Managing your finances isn’t always an easy task but keeping your money matters in order is a good life skill to have – and even more Important in times like these when faced with the cost of living crisis.
Inflation has had a negative impact on the spending power of the average household, with real consequences for millions – from difficult decisions about heating and food costs to juggling debts just to stay afloat.
Money management does not come easy, but with a little time and effort, you can soon get a handle on your income and expenditure to ensure your budget is sufficient to meet your bills.
Here are some of the smartest ways in which you can manage your finances for the medium and long term?
Keep to a Budget
Discipline is key to managing your money and is a key aspect to help you achieve specific goals or ambitions you might have for your household. Whatever you are hoping to achieve, from saving for a home to paying down debts or even meeting a key financial milestone, your route to success always begins with the budget.
This needn’t be a complicated process to begin with. All you need to know is exactly how much you bring in each month, and how much goes out on regular and necessary costs: i.e.: rent, utilities, and car- or transport-associated costs.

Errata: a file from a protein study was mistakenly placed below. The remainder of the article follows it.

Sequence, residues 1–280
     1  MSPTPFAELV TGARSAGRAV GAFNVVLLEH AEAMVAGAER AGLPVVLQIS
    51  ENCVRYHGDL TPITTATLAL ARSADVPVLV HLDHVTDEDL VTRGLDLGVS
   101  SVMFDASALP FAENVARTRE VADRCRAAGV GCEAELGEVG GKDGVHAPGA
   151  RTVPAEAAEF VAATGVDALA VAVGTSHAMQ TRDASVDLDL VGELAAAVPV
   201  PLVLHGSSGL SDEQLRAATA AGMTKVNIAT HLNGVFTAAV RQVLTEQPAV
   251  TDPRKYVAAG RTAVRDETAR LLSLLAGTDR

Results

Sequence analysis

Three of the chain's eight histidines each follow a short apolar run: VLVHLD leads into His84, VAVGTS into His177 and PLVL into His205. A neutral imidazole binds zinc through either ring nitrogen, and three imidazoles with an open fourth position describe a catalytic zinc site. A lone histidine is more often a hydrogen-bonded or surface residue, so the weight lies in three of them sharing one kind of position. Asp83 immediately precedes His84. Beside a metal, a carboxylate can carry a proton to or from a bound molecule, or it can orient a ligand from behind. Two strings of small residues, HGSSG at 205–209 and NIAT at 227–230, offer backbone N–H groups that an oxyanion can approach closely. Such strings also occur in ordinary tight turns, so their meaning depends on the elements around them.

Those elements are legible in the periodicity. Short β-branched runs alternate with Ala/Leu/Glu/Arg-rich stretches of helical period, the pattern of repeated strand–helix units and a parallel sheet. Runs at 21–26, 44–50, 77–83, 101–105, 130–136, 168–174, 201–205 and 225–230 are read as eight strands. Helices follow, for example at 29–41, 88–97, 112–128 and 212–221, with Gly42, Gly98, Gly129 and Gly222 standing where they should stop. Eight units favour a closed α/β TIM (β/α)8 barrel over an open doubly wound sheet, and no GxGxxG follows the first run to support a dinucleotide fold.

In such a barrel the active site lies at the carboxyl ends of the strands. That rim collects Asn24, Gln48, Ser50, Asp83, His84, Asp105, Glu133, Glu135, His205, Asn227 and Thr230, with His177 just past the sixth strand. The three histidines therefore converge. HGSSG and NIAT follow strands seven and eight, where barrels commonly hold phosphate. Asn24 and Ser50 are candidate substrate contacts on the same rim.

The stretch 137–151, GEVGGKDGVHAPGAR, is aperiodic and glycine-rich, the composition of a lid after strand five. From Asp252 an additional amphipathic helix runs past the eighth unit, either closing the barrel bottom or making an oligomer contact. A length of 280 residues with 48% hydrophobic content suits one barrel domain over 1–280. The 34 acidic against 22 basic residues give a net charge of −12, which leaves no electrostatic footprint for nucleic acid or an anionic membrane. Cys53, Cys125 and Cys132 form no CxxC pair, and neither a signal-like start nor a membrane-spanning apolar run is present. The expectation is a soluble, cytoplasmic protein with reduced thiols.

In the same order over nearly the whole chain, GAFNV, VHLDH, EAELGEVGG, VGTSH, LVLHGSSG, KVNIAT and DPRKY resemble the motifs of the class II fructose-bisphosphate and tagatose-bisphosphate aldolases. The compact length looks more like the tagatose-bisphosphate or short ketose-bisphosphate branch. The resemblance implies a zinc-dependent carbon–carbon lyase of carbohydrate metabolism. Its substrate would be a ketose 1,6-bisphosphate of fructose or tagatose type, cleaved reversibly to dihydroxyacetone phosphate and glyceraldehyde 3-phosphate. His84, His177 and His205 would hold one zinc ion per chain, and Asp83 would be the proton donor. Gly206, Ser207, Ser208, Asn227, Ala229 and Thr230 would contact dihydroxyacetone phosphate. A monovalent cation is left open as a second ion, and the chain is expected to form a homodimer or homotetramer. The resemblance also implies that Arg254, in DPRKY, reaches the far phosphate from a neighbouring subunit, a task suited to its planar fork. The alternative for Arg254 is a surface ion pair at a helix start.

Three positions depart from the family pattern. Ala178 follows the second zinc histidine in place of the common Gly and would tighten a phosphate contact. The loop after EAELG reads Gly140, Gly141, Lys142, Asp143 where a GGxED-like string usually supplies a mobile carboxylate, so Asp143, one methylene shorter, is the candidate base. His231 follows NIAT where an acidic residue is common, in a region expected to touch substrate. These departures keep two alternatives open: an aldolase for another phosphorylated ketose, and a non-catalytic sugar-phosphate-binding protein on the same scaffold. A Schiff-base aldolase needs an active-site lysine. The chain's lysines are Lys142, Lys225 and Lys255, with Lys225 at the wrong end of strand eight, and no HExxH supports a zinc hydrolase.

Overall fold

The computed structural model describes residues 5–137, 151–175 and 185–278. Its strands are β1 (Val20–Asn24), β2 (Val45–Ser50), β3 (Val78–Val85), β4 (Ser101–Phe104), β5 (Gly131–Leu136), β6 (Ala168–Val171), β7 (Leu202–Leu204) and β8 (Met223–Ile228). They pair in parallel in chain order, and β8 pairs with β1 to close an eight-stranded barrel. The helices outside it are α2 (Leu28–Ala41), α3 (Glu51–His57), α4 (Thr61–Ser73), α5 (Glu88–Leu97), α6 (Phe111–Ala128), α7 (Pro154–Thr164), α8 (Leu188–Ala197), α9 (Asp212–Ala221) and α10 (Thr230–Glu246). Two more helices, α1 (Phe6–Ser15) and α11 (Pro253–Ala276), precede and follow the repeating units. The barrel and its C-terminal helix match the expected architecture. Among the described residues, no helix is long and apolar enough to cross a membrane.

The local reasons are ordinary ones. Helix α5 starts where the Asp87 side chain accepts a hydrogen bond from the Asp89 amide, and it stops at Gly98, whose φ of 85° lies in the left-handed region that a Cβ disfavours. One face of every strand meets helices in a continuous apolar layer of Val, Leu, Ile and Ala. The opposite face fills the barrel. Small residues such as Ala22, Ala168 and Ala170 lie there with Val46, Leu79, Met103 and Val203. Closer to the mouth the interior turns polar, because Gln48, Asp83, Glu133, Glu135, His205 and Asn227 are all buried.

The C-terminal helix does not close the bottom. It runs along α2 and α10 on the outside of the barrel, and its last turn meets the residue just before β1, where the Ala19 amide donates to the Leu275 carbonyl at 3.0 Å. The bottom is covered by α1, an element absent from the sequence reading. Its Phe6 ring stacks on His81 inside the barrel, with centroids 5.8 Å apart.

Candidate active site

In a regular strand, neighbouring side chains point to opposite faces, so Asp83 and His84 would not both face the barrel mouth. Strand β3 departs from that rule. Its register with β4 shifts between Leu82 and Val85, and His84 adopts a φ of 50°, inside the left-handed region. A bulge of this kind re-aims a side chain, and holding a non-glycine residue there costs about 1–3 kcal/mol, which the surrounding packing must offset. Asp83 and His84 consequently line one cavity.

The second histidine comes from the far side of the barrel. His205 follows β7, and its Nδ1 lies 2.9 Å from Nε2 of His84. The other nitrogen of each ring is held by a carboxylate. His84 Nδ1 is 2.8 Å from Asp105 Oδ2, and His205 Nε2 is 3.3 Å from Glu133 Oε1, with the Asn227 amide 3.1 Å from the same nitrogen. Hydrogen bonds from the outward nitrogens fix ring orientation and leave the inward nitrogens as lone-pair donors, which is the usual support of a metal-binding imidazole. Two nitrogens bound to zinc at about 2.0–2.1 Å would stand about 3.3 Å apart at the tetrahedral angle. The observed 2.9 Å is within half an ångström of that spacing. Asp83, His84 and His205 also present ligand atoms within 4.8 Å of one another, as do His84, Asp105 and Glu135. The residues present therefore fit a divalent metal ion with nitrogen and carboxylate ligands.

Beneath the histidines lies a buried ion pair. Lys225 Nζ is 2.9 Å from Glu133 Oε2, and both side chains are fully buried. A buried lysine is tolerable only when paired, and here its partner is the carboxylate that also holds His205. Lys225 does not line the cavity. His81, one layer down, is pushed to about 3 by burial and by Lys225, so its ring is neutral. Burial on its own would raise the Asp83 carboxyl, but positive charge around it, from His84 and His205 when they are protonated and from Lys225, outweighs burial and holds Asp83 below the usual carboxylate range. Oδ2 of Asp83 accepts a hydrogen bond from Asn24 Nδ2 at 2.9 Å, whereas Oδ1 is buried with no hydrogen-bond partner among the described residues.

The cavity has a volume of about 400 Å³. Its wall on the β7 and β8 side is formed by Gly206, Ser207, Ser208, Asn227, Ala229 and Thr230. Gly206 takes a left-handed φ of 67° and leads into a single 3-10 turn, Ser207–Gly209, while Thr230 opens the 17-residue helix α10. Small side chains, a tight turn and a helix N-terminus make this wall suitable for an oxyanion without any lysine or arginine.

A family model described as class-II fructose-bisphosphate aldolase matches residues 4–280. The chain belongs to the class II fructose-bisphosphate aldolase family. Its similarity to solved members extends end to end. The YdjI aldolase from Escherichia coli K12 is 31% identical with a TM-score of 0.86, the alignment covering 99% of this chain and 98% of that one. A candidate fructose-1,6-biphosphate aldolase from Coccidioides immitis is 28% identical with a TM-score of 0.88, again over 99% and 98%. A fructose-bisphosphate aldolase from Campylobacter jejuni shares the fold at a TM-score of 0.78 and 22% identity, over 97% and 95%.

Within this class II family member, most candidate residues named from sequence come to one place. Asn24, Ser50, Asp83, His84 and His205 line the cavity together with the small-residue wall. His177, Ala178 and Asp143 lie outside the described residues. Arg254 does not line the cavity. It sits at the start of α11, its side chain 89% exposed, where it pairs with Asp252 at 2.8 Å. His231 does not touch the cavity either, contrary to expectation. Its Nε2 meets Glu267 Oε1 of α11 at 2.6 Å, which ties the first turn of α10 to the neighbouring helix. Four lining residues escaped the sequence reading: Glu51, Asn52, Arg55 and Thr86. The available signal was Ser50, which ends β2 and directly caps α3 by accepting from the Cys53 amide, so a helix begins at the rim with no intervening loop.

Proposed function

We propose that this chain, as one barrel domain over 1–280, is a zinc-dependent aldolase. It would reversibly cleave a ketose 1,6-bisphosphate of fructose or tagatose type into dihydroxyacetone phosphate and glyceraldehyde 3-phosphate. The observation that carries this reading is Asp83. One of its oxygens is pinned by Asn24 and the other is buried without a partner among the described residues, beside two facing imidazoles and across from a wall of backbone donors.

Once you’ve compiled your budget at least you know how much or little you have left over and available to spend or save.
Pay Down Debts First
It may be the case that your money management efforts are focussed on reducing or eliminating debt – this is a good first step and should be your priority before you start to consider a longer-term savings strategy.
This is because the interest rate on any outstanding debts you have will always outstrip the interest you might receive on savings, reducing your saving power – it’s a bit like engaging the handbrake and the accelerator pedal at the same time. Focus on paying your debts as your first step, starting with those that have the highest interest rates, and then move from there.
Save, Save, Save
Once you’re in a better financial position overall, you can start to think about saving your money. There are many ways to approach this, all of which have their own merits, but a basic savings account with an institution you trust is an excellent start. Such accounts are easier to access than longer term fixed accounts or bonds, giving you the flexibility to meet any emergency costs you might incur in your early days of saving.
Create an Emergency Pot
Speaking of which, it might be helpful to approach saving with the same shrewdness as debts. Before putting money aside for pensions or property, you should focus on building an emergency pot equivalent to two or three months of household living costs. This pot will be an essential safety net and a good start before you move on to a wider range of cash savings and investment choices to meet you longer term goals.